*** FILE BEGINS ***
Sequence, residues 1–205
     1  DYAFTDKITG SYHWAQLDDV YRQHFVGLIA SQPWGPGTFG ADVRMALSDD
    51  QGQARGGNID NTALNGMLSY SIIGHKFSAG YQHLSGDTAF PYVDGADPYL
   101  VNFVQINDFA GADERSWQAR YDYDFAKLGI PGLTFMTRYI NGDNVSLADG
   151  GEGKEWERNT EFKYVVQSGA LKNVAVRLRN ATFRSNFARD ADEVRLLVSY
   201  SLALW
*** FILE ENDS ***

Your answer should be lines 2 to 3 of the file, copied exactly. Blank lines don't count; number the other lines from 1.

     1  DYAFTDKITG SYHWAQLDDV YRQHFVGLIA SQPWGPGTFG ADVRMALSDD
    51  QGQARGGNID NTALNGMLSY SIIGHKFSAG YQHLSGDTAF PYVDGADPYL